Flipboard for Educators

screenshot of some of my Flipboard magazines
screenshot of some of my Flipboard magazines

Flipboard is an app that is available at Google Play and on the iTunes Store.  It is basically a curation tool, allowing you to collect feeds from the websites, blogs, tweets, etc… that interest you, and saving each as a “magazine” on your device.

I have used Flipboard for awhile, and have done a couple of posts on it, including this one that offered some recommendations of educational sites that could be “flipped.” If your students have tablets, Flipboard can be a valuable learning tool for them.

Recently, Flipboard has added the ability to view your magazines on the web, so it is not even necessary to have the app to read them (though you do need the app to create an account and make your own magazines.)

Flipboard also recently posted an article on its blog called, “Flipboard for Educators.”  It gives many examples of how Flipboard can be useful in the classroom, as well as a few resources. If you are a Flipboard beginner, Cool Cat Teacher, Vicki Davis, has a great starter post for you here.

But what I see as really promising about Flipboard is the ability to use it to create your own, specific magazines.  One way to think of it is like taking one of your Pinterest boards and publishing a beautiful e-periodical with pages you can turn on your tablet or computer.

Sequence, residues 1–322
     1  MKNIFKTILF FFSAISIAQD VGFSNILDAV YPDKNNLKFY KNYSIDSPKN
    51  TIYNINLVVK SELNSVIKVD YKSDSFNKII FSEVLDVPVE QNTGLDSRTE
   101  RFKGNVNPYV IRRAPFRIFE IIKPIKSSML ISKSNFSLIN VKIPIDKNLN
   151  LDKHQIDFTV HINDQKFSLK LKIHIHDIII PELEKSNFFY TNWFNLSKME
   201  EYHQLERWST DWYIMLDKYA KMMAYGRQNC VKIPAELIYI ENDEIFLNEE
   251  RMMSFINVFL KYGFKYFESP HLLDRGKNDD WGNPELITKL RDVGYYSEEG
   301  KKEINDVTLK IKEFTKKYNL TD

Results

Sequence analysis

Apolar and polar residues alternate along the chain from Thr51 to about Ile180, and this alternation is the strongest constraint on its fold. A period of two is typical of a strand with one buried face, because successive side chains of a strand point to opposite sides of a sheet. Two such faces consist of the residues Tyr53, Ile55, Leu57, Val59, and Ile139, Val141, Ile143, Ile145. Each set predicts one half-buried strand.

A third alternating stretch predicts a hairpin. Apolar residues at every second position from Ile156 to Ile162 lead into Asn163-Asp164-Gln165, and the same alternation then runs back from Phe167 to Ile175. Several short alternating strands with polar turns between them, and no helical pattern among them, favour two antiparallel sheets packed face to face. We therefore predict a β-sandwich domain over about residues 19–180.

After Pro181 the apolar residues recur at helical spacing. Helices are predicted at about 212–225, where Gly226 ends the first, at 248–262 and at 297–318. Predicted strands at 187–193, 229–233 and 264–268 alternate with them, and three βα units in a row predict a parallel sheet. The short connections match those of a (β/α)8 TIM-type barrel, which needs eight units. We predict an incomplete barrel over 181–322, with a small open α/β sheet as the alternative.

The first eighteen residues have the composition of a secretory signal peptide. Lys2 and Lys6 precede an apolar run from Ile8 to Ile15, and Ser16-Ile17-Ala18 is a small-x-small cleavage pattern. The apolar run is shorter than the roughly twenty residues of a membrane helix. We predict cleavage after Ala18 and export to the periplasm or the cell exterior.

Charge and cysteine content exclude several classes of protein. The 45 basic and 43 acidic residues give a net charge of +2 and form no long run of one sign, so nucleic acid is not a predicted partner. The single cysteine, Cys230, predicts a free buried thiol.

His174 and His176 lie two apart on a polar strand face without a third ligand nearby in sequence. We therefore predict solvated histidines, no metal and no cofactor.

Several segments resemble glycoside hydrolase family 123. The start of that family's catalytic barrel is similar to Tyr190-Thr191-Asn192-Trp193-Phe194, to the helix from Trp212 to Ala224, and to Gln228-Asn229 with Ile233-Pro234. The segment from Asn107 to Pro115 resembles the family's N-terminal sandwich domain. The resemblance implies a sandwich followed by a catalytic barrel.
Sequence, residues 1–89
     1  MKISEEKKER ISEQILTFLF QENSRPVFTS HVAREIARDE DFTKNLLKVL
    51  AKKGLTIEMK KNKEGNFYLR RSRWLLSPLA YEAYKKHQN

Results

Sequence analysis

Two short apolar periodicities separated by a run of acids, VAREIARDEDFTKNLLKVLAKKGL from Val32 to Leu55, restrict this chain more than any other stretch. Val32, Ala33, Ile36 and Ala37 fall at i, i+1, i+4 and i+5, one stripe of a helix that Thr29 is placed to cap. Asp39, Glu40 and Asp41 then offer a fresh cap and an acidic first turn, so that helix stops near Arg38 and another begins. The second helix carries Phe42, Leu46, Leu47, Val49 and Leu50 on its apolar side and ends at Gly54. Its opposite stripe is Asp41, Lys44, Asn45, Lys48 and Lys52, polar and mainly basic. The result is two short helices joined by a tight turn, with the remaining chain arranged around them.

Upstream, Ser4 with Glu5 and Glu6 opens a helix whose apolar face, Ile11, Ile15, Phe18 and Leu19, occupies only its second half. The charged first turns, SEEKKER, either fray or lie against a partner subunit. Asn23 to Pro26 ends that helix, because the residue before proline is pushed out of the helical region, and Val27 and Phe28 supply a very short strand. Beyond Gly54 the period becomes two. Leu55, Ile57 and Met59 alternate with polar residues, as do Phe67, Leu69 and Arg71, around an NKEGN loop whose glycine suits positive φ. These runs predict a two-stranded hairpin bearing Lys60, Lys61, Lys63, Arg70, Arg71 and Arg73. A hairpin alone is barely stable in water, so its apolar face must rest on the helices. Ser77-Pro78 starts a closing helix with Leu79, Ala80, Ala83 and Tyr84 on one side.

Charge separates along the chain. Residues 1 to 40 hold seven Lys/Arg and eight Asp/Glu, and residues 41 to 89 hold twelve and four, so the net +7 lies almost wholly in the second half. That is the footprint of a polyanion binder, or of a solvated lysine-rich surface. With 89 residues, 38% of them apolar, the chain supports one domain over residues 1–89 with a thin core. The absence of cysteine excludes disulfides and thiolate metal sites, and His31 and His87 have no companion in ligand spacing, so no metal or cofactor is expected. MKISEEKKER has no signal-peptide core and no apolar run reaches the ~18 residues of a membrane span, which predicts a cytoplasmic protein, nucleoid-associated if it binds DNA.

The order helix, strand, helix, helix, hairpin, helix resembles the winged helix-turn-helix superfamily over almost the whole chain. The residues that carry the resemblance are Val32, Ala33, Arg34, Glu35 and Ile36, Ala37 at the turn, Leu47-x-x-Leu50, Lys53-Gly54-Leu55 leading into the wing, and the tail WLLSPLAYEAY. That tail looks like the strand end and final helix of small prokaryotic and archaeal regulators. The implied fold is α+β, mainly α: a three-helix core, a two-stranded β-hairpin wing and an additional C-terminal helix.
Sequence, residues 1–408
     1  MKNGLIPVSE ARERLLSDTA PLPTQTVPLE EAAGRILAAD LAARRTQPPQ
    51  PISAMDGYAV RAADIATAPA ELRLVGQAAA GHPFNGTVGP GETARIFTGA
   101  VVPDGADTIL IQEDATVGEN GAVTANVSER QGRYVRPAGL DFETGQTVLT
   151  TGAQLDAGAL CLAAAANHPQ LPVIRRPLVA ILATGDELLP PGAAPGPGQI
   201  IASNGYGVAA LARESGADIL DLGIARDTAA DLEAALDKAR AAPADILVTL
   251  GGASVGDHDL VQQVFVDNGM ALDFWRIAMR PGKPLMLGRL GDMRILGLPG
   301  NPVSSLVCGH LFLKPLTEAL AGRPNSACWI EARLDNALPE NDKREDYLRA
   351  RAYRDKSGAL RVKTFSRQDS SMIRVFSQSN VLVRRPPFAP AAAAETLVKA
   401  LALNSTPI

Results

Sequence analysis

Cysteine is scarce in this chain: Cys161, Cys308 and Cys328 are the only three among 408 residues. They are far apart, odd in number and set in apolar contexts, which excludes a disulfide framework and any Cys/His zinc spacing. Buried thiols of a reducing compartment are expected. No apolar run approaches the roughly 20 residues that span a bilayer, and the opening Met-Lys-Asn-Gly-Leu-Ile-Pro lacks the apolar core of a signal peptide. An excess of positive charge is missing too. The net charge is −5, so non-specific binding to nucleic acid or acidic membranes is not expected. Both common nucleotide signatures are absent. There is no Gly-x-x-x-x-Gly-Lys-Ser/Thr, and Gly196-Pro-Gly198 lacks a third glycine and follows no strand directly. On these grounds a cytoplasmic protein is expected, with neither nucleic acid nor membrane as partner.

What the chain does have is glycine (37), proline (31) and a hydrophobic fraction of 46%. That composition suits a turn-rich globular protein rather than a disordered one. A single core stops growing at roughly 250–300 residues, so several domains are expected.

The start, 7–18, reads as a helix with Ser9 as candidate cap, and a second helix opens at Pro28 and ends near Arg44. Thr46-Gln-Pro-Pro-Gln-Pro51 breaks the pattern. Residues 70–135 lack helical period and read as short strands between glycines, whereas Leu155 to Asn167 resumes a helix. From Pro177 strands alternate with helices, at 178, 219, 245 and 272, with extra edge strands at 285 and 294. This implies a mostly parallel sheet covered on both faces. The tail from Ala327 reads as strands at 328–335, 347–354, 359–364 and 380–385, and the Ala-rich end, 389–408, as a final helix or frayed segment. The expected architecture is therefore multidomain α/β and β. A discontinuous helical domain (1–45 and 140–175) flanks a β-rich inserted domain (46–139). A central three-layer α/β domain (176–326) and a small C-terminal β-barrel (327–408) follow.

For teachers, this opens a whole new option for differentiation and personalized learning.  You can use the Flipboard bookmarklet on your computer to “flip” any web site into a magazine of your creation.  For example, if I want my students to have a magazine of Current Events news that is tailored toward their age group (rather than send them to a particular news site), I can find articles that relate to them and create a magazine that is a collection of those articles. I currently have 9 of my own magazines, along with the 20 to which I already subscribe.  (One of my public magazines is “Augmented Reality in Education.”)

Students can also create their own magazines, and collaborate on them by inviting each other as contributors.  This might be a great option for a Genius Hour project, or any students who are working together on a research project. Also, if your students are bloggers, it would be great to collect all of their blogs, or posts on specific topics, into one magazine.

The video embedded below gives specific instructions on how to create customized magazines, as well as how to make them public or private.  I found this resource in this article by Adam Renfro, where he also gives advice on other content that would do well in an educational setting. And don’t forget, any of the public magazines can be viewed online as long as you have the link.  This makes it accessible to anyone who has a computer, rather than just students with tablets or smartphones.

The only cautions that I would give teachers who are using this tool are: make sure if you “flip” a web article into a magazine while you are at home that it is not hosted on a site that will be blocked at school, be aware of adding sites to a magazine that may include questionable advertising on the page, and remember that flash-dependent sites cannot be viewed on iDevices.